GS: That’s so funny!
LZ: Yeah! We had a great time. The interesting thing is, is that everybody talks about oppression but they don’t talk about the excitement. For us it was probably 80% excitement and 20% oppression.
GS: What did it mean for you to have this LGBTQ organization in time that was so fraught and so focused on oppression?
LZ: We were focused on bringing people out of the fog and bringing people out of the darkness. That was the exciting part! It was also at a time when the marches started. I didn’t march until probably the third year because I worried about work. I was working for the city and I didn’t know what the reaction would be. We couldn’t wear pants to work by the way until 1968! (Laughing) And then you had to wear pantsuits. You couldn’t wear dungarees… you had to wear pantsuits. After work in 1973 I realized I needed more training and began training at the New York Institute for Gestalt Therapy and started seeing clients and practicing psychotherapy under supervision because there was no licensing. The NYIGT was the only institute that had always accepted gay people for training and to be faculty and it became a third home for me. I worked out of Karen’s apartment, which was on 82nd or 83rd on the Upper West Side. She had a big apartment and a lot of our meetings would take place there. She and I became close friends and started working together and I would get clients (laughing) and we would run groups together.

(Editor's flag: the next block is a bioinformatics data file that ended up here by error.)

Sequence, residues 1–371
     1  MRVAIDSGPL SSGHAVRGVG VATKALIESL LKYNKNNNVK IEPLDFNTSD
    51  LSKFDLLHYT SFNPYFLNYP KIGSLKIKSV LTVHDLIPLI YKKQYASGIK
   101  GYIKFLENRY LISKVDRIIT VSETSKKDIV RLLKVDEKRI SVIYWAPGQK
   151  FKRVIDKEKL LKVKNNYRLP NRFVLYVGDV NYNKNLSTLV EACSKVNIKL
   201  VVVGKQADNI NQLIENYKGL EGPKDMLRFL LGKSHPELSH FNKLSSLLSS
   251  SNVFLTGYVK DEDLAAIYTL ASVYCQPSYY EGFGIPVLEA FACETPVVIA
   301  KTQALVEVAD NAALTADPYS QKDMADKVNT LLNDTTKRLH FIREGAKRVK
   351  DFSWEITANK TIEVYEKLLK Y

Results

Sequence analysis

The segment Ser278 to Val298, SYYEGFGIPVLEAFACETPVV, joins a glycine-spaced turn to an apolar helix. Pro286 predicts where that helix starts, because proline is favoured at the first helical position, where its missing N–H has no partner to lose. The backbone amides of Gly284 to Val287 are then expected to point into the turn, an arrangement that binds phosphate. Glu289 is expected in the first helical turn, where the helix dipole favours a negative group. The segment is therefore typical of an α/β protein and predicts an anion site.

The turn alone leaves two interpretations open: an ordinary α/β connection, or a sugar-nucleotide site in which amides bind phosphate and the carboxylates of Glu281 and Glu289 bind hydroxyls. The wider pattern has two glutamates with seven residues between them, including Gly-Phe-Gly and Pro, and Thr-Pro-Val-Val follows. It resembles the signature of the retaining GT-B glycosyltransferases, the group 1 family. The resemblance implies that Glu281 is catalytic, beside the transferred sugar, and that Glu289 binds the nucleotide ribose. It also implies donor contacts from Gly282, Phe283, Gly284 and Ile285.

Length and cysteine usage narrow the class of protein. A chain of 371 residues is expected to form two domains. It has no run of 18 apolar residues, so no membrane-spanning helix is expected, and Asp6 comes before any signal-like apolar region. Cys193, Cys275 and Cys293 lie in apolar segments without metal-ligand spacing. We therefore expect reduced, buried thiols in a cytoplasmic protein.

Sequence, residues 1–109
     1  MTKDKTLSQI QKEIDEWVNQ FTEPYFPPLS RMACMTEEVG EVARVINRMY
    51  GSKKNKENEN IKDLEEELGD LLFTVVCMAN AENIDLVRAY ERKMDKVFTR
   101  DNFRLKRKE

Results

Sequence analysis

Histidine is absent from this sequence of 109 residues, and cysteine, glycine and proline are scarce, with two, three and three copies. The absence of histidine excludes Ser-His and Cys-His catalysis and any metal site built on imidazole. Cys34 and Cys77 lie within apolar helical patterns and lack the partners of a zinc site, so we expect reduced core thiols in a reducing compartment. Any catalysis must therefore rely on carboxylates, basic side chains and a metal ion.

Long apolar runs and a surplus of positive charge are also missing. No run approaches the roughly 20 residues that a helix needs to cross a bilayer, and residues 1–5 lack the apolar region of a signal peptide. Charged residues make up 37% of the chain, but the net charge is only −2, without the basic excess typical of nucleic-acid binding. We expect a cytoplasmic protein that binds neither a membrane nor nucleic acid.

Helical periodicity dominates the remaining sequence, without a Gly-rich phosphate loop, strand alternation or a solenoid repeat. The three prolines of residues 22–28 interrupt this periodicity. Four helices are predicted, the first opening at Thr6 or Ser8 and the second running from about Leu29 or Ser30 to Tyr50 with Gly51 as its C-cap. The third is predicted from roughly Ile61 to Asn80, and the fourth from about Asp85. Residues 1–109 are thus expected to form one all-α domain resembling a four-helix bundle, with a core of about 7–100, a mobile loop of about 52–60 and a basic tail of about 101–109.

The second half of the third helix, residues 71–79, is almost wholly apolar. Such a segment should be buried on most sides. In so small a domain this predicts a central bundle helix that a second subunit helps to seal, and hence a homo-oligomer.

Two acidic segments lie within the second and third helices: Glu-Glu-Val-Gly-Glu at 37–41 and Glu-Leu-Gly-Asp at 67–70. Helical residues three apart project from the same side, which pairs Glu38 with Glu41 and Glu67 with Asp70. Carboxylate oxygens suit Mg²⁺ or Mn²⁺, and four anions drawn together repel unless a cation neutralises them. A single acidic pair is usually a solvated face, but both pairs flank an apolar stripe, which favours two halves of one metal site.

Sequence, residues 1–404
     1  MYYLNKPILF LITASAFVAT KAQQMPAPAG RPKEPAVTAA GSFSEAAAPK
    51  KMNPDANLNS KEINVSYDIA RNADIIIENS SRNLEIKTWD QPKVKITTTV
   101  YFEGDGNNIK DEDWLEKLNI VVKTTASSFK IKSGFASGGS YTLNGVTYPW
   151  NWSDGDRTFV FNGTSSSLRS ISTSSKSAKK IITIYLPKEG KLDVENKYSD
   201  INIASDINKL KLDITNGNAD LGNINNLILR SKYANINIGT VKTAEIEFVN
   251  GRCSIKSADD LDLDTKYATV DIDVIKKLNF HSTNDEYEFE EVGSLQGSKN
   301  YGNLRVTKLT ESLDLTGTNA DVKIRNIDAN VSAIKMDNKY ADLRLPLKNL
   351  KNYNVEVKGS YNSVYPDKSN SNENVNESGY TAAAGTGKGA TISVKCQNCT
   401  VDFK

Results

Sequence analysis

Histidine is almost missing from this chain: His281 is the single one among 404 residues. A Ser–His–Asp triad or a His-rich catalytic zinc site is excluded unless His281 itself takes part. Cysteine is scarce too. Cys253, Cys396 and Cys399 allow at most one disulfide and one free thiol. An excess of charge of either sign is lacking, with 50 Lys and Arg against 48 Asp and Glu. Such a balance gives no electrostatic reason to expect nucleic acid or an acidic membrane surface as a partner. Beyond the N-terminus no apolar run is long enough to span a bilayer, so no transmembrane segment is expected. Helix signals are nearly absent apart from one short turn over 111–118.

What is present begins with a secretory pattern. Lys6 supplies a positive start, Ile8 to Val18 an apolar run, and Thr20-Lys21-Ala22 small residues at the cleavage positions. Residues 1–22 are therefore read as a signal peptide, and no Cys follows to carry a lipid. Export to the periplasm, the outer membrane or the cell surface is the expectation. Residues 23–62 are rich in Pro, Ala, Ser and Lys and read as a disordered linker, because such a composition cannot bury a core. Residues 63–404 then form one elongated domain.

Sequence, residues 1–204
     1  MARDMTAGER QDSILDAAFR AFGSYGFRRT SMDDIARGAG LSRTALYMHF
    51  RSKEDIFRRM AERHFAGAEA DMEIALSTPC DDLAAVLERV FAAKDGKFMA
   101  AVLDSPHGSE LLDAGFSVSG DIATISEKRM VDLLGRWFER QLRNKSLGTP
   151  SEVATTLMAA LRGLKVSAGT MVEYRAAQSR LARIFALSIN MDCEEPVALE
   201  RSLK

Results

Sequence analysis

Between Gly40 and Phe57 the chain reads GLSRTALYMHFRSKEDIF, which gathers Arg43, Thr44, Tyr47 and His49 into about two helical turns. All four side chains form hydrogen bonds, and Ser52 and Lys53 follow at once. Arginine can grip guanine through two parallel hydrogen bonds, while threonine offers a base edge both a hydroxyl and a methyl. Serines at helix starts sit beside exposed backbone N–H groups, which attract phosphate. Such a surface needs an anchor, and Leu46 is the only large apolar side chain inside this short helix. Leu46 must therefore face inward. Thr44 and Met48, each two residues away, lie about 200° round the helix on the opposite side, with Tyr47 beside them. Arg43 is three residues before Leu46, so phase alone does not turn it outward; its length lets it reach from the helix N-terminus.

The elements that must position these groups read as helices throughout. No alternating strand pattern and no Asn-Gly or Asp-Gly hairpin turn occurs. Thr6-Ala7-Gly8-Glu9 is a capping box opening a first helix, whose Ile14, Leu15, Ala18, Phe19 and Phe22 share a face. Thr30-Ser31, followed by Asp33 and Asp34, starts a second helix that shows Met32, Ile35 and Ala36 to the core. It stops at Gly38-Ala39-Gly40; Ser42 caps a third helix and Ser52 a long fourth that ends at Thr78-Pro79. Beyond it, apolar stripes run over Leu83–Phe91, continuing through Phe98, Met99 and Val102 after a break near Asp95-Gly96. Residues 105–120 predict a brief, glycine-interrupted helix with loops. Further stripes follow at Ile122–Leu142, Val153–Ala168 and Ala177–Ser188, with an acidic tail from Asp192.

GS: So that’s when you started taking classes?
LZ: I didn’t go to grad school until 1975 because somebody said I should go to grad school! So, I said, “Ok! I better go to grad school!” (Laughing) They were the wild and wooly days! I would be doing presentations all over and I would be going to conferences. There was the famous Barnard S&M conference.
LZ: Oh yes. That was wild! Barnard went nuts afterwards. It was one of the most well attended conferences! (Laughing)
GS: What was the nature of that conference?
LZ: It was about kink! But it was not called that then.
GS: In the early ‘70s?
LZ: Uh huh! It might have been earlier, I can’t remember. I’ll look for the date. I probably have a flier. After that they refused to allow any organization… (laughing) because it was written up in the paper: Barnard has conference on S & M!
GS: (Laughing) No one would send their sweet little daughter to Barnard after that! They’d become a lesbian kink queen!
LZ: (Laughing) Right! Oh and this was hysterical! Identity House had one of our therapists do a training workshop on S&M. and in order to bring reality to the workshop on S&M she comes out in this dominatrix outfit in black leather with this feather boa and fingernails out to here, carrying a whip and the guys take one look at her and start backing up! (Laughing)
GS: Wow that’s awesome!